Over the last 22 consecutive months, we have characterized the new home markets in three mid-Atlantic MSAs (Baltimore, MD; Philadelphia, PA; and Richmond, VA) as Cold, even though each posted the highest annual employment growth in July since (at least) 19921. For example, July’s annualized job growth in the Philadelphia MSA (65,700 new jobs) outpaced the closest annual rate (65,200 new jobs in 1997).
Likewise, we do not usually associate a Cold new home market with such impressive gains in the typically high-wage Professional and Business Services employment sector.
Because of our monthly interviews with industry professionals, we know that multifamily and mixed-use development activity in Baltimore and Philadelphia is booming, yet suburban development in both MSAs struggles to gain traction. In the Richmond MSA, the new home market is oversupplied with an ample pipeline of lots, suggesting stiff competition and stagnant prices in the future.
The Gap between New and Existing Home Prices Contributes to Slow New Home Sales
JBREC took a look at the current gap between the median sales price for new and existing homes in the Baltimore, Philadelphia, and Richmond MSAs2.
Although the range seems high, the current spread may have peaked in each MSA. From 2002 to 2015, the spread reached as high as 41.7% in the Baltimore MSA, peaking as recently as 2015; 55.1% in the Philadelphia MSA (2014); and 77.0% in the Richmond MSA, also in 2015.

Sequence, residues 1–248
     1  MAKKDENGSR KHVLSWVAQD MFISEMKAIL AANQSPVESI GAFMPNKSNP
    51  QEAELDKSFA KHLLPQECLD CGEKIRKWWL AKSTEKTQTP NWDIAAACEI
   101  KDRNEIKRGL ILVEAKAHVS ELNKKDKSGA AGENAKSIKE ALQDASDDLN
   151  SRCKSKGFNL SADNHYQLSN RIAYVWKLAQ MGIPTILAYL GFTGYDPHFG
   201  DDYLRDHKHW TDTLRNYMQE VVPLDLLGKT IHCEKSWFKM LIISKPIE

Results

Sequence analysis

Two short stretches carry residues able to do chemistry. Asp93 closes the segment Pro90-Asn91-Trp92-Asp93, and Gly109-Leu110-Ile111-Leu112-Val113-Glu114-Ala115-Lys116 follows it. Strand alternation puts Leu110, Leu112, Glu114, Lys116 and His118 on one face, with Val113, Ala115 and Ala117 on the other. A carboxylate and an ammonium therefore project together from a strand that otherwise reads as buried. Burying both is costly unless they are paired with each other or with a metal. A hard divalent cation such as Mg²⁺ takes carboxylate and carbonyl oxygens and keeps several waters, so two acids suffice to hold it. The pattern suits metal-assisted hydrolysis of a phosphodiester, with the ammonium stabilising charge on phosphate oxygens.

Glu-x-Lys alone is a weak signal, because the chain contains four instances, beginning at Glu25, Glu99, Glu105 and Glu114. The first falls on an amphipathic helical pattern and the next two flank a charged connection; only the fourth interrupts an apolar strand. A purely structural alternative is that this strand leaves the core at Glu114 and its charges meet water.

Think SurbanTM: Urban-Like Living in a Suburban Environment
The resale inventory in both the Baltimore and Philadelphia MSAs is more or less at equilibrium (5.0 months) now, suggesting an adequate supply of existing homes competing with new homes at much lower prices. In the Richmond MSA, the listing inventory measures roughly 3.1 months of supply, well below equilibrium and revealing how dramatically the spread in prices affects new home demand and sales there.
To compete with resale inventory at lower prices, builders/developers should consider creating an urban experience in less expensive suburban areas (what we call surban) to attract the surge of millennials and retirees we expect will enter the new home market in the next ten years. We have copious product ideas, designed to appeal to these seemingly disparate target buyers.
1 Extent of job losses minimized to highlight positive job growth.
2 A word of caution: Some of the gap is likely attributable to the typical size difference between new and resale homes.